In the lungs, these effects can cause clots and fluid to accumulate, which means the lungs are less able to get oxygen into the body. In the brain, damage to endothelial cells in the blood-brain barrier could lead to inflammation. In the limbs, reduced blood flow could lead to ‘Covid toe’.
In September 2022, a study led by researchers from the BHF Data Science Centre examined the anonymised healthcare records of 48 million people living in England and Wales. They found that people who caught Covid-19 during the first wave of the pandemic (when vaccines were not yet available) had an increased risk of developing a clotting-related complication, such as heart attack or deep thrombosis, for almost a year after infection.
This link between Covid-19 and the effects it can have on the endothelium may help to explain why people with certain heart and circulatory conditions are at a higher risk of developing severe complications of Covid-19. If another condition, such as diabetes or high blood pressure, has already damaged the endothelium, the virus’s impact may be magnified.
While this sounds worrying, we already have many different treatments available to help limit blood clotting and improve circulation. Since the virus emerged, researchers have been learning more about how existing cardiovascular treatments can be applied to help limit the damaging effects of Covid-19.
Is long Covid a blood vessel problem?
There is growing evidence that long Covid could be linked to lasting damage to the endothelium (the lining of the blood vessels).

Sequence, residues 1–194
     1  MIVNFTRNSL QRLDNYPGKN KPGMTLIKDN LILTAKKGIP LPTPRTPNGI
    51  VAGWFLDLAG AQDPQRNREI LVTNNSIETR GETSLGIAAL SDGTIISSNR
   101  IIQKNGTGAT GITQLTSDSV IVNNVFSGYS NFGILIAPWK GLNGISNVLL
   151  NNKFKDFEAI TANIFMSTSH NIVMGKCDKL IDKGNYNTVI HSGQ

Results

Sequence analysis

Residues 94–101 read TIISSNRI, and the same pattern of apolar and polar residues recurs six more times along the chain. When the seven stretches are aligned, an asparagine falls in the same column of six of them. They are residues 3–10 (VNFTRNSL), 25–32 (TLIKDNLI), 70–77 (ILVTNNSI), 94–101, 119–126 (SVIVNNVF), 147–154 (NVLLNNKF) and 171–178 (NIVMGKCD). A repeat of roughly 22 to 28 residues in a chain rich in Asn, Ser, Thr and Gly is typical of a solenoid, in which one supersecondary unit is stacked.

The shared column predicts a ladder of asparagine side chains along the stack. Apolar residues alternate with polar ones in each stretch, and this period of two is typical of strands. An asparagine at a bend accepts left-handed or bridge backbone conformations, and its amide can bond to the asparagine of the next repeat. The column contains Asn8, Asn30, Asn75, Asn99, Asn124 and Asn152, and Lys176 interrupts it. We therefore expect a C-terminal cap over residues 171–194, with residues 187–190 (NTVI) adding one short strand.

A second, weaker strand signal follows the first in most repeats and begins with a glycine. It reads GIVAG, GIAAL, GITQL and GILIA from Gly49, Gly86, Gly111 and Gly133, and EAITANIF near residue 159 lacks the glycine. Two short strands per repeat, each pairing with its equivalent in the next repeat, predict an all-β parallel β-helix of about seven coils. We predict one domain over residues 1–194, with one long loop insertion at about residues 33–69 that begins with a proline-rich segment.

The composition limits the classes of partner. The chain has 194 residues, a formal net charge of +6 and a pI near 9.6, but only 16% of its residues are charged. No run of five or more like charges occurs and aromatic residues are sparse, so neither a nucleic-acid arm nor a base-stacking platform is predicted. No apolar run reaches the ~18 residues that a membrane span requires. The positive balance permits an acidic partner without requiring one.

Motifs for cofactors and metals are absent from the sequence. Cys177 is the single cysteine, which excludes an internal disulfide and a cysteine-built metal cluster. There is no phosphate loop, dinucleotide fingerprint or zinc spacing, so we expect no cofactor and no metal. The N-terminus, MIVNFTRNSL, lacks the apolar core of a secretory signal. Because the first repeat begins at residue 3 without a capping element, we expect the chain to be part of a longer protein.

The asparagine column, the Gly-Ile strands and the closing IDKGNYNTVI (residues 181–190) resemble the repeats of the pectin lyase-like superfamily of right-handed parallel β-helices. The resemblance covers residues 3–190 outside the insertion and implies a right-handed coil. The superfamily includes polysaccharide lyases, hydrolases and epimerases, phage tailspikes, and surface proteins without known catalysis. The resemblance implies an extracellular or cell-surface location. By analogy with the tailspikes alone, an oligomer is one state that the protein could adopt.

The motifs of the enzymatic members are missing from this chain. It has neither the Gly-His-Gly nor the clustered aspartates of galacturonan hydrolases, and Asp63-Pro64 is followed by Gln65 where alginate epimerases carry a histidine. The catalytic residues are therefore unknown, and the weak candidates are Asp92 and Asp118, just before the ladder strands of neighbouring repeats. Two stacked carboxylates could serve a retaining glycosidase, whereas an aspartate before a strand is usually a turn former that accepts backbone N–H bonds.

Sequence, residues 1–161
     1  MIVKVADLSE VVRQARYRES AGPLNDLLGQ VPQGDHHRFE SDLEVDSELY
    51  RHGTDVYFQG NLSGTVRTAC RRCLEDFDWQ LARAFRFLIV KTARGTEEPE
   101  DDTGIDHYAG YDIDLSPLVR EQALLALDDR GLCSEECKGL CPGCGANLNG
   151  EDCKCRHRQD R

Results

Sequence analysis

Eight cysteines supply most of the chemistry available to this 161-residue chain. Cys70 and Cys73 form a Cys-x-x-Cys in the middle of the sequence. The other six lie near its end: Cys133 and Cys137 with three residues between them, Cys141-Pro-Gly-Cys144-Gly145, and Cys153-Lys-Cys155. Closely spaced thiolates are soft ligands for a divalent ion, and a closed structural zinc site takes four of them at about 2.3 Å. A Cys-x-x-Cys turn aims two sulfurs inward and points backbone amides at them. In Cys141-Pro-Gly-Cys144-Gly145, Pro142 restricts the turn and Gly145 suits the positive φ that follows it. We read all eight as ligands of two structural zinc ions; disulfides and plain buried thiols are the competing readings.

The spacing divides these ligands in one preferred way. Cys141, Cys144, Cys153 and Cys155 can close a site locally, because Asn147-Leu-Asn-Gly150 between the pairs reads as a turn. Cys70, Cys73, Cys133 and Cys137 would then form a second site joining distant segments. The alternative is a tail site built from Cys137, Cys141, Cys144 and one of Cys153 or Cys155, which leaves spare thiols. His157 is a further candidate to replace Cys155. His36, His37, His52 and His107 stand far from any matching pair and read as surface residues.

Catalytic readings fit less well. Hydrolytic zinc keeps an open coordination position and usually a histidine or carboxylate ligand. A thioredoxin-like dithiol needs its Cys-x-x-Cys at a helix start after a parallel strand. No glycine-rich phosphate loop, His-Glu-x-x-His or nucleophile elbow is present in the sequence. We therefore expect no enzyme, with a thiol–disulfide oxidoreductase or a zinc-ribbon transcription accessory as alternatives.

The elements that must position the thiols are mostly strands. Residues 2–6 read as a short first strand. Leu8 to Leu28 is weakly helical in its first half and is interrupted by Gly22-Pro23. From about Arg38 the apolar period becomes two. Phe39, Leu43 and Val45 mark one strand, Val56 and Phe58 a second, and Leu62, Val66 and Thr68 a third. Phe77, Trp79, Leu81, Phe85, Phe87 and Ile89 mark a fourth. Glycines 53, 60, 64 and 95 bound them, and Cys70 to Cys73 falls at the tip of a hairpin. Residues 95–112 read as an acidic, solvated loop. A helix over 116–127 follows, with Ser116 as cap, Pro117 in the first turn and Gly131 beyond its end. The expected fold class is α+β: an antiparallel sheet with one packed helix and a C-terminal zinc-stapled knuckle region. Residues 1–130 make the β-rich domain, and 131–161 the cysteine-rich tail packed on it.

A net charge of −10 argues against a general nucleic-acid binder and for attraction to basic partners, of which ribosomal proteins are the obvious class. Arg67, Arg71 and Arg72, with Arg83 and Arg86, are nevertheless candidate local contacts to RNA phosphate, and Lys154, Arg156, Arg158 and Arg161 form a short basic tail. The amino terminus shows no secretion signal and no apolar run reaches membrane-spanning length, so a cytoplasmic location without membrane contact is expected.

One study found that people with long Covid symptoms - especially people with fatigue, chest pain and cognitive symptoms - were more likely to have impaired endothelial function. They measured endothelial function by using a device which can calculate flow of blood to the fingers, and whether it responded normally to having a cuff inflated around the wrist. This link didn’t seem to be connected to other factors which are known to limit endothelial function, such as age, diabetes or coronary heart disease.
The study was based on 798 people in Tunisia who had recovered from Covid-19, 618 of whom had ‘long Covid’ symptoms. One limitation of this study was that it did not include a ‘control group’ of people who had not had Covid-19 to compare the measurements to. But similar smaller studies have also demonstrated that dysfunction of the endothelium can persist for at least several months after ‘recovery’ from Covid-19.
Further research is needed to better understand whether this persistent endothelial dysfunction is directly linked to lasting symptoms of Covid-19, but this also raises the possibility that existing treatments which can improve endothelial function (such as statins) could be used to help people who develop long Covid.
Can Covid cause blood clots?
Yes, one of the most serious complications of Covid-19 infection is the risk of developing dangerous blood clots in the blood vessels.